Ernst & Young v Purcell & Institute of Chartered Accountants in Ireland

JudgeMs. Justice Mary Irvine,
Judgment Date13 May 2011
Neutral Citation[2011] IEHC 203
CourtHigh Court
Date13 May 2011
Ernst & Young v Purcell & Institute of Chartered Accountants In Ireland





[2011] IEHC 203

[No. 330 J.R./2011]



Practice and procedure

Leave application - Standard of proof - Application on notice - Arguable grounds - Investigation by respondents into conduct of applicant - Applicant's role as auditor - Objection to appointment - Validity of appointment - Complaint - Delay - Extension of time - Natural justice - Fair procedures - Legitimate expectations - Rights of party in disciplinary investigation - Limitation of rights at preliminary stage of investigation - Whether appointment ultra vires powers of second respondent - Whether valid complaint under Bye-Laws - Whether arguable case - Whether higher standard of proof required where respondent on notice - Whether good reason to extend time - Whether disciplinary procedure unfair - Whether legitimate expectation - Whether applicant out of time - Mass Energy v Birmingham County Council [1994] Env LR 298; O'Brien v Moriarty [2005] IESC 32, [2006] 2 IR 221; G v DPP [1994] 1 IR 374; McNamara v An Bord Pleanala (No 1) [1995] 2 ILRM 125; Potts v Minister for Defence [2005] IEHC 72, [2005] 2 ILRM 517; Gorman v Minister for Environment [2001] 1 IR 306; Irish Harmophilia Society v Lindsay (Unrep, HC, Kelly J, 16/5/2001); Solan v DPP [1989] ILRM 491; De Róiste v Minister for Defence [2001] 1 IR 190; Dekra Éireann Teo v Minister for the Environment [2003] 2 IR 270; O'Callaghan v Disciplinary Tribunal [2002] 1 IR 1; Ó Ceallaigh v An Bord Altranais [2000] 4 IR 54; Webb v Ireland [1988] IR 353; Glencar Exploration v Mayo County Council (No 2) [2002] 1 IR 84; Re "La Lavia" [1996] 1 ILRM 194 considered - C(D) v DPP [2005] IESC 77, [2005] 4 IR 281 followed - Rules of the Superior Courts 1986 (SI 15/1986) O 84, r 21(1) - Leave refused (2011/330JR - Irvine J - 13/5/2011) [2011] IEHC 205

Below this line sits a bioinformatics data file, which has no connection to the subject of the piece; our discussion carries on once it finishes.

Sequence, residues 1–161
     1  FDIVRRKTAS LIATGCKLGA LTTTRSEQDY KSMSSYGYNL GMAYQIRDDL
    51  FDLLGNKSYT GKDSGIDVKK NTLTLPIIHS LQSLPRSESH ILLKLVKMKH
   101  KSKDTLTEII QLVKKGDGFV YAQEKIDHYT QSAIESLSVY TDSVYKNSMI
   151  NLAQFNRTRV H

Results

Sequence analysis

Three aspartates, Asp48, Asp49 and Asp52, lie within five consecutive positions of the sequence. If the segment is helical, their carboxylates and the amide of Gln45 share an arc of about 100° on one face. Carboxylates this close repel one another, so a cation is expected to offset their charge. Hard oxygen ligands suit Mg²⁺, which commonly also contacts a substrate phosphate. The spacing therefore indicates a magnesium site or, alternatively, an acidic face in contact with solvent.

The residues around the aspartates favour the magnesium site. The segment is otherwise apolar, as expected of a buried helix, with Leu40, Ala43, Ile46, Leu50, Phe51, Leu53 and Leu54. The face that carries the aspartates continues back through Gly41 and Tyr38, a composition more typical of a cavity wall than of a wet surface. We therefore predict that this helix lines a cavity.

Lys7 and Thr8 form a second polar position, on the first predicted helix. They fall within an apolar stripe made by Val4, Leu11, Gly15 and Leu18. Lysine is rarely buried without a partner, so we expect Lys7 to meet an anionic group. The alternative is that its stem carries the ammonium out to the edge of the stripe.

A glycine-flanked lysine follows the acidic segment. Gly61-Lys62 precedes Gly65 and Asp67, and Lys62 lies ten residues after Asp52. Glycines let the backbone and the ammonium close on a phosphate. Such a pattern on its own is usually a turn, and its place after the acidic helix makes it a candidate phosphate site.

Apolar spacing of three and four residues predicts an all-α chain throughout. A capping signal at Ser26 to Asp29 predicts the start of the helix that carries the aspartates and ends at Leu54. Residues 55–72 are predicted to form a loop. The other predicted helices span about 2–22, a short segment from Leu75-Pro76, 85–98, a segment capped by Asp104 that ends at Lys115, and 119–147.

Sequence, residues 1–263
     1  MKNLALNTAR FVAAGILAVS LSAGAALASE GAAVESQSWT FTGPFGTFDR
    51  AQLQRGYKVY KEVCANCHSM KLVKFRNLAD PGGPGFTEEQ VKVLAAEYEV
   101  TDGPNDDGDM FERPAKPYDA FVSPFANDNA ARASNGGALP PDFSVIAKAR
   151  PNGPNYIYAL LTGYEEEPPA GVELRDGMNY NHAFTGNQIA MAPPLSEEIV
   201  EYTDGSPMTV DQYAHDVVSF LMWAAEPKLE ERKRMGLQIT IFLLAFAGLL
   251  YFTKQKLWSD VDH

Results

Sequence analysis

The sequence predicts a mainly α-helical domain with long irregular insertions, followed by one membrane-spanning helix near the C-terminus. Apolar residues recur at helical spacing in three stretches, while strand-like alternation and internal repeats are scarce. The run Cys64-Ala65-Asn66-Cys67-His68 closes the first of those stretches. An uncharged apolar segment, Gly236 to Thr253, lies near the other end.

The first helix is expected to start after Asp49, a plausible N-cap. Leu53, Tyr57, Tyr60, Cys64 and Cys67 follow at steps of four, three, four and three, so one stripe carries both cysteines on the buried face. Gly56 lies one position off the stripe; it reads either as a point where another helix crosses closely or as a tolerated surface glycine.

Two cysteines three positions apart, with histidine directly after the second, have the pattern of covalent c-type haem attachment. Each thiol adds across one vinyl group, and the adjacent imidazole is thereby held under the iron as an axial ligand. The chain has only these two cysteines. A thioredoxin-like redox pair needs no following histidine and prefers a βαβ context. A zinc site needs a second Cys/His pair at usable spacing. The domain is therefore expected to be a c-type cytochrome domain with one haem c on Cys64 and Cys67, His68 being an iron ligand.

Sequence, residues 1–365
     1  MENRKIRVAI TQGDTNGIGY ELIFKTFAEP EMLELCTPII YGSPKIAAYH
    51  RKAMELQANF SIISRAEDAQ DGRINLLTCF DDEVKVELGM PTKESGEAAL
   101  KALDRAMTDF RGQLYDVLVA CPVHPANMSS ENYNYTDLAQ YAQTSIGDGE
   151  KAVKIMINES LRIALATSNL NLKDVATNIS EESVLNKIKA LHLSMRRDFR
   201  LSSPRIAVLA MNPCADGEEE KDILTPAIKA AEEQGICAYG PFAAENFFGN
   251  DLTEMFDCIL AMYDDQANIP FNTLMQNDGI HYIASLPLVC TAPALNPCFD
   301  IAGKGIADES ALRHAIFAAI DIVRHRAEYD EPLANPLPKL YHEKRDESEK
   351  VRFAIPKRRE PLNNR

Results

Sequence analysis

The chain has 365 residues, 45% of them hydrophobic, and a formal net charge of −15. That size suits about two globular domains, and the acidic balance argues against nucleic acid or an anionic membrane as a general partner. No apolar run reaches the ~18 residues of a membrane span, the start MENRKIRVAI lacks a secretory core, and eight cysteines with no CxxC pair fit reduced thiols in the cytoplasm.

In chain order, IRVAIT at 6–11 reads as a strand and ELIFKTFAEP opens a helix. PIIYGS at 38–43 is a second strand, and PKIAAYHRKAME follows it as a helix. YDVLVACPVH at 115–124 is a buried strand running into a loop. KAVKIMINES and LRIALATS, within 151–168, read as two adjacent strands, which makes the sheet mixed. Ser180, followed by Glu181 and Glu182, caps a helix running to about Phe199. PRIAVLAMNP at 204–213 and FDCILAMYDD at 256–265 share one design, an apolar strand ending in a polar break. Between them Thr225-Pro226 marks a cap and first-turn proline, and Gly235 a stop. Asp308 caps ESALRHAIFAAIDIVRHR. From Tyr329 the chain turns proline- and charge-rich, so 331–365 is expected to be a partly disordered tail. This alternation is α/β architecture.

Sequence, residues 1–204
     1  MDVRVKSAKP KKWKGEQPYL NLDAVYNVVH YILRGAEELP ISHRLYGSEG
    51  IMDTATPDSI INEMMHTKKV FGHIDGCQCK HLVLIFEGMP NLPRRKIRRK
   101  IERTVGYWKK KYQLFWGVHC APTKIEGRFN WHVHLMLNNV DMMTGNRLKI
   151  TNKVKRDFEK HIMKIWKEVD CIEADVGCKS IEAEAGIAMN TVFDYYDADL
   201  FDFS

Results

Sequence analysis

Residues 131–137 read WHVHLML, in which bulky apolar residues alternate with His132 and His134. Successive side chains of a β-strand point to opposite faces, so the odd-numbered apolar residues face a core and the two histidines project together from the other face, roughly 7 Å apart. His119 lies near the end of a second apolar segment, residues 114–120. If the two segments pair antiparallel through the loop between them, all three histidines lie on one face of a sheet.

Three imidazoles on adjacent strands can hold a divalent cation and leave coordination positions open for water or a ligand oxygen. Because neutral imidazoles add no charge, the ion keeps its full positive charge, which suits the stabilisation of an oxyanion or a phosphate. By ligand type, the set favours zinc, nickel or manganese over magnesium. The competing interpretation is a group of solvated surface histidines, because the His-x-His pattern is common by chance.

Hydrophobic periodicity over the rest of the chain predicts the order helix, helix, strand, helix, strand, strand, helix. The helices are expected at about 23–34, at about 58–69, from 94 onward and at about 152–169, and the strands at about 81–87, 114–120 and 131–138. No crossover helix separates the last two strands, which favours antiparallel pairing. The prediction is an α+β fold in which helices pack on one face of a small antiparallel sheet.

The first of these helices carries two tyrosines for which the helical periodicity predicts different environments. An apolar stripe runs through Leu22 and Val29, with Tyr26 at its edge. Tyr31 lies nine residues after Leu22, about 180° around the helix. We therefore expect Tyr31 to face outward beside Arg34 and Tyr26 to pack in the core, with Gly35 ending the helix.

Ernst & Young v Purcell & ICAI

RSC O.84 r21


O'BRIEN v MORIARTY 2006 2 IR 221 2005 2 ILRM 321 2005/45/9458 2005 IESC 32

G v DPP & DISTRICT JUDGE KIRBY 1994 1 IR 374 1994/3/724


POTTS v MIN FOR DEFENCE 2005 2 ILRM 517 2005/51/10674 2005 IEHC 72

GORMAN & ORS v MIN FOR ENVIRONMENT & ORS 2001 1 IR 306 2000/10/3663


C (D) v DPP 2005 4 IR 281 2006 1 ILRM 348 2005/8/1599 2005 IESC 77

RSC O.84 r21(1)

SOLAN v DPP & DISTRICT JUSTICE WINE 1989 ILRM 491 1988/10/3025

RSC O.84 r4

DE ROISTE v MIN FOR DEFENCE & ORS 2001 1 IR 190 2001 2 ILRM 241 2001 ELR 33 2001/6/1371

DEKRA EIREANN TEORANTA v MIN FOR ENVIRONMENT 2003 2 IR 270 2003 2 ILRM 210 2003/12/2484

RSC O.84

O'DONNELL v DUN LAOGHAIRE CORP 1991 ILRM 301 1990/8/2084

RSC O.84A r4

O'CALLAGHAN v DISCIPLINARY TRIBUNAL & ORS 2002 1 IR 1 2002 1 ILRM 89 2001/18/5106

O CEALLAIGH v BORD ALTRANAIS 2000 4 IR 54 2000/2/648

WEBB v IRELAND & AG 1988 IR 353


KING & CHAPMAN v LA LAVIA 1999 3 IR 476 1996 1 ILRM 194 1995/9/2620


Judgment of Ms. Justice Mary Irvine, dated the 13th day of May, 2011


1. This is an application for leave to apply for judicial review of certain decisions made by the first and second named respondents in the course of their current investigation into the role of the applicant as auditor of Anglo Irish Bank plc during a period of financial irregularity. The ex parte application initially came before the President of the High Court on 15 th April, 2011. He directed that the respondents be put on notice of the application. Consequently, the matter came before me on 18 th April, 2011 when the court heard submissions from both parties as to the relief sought.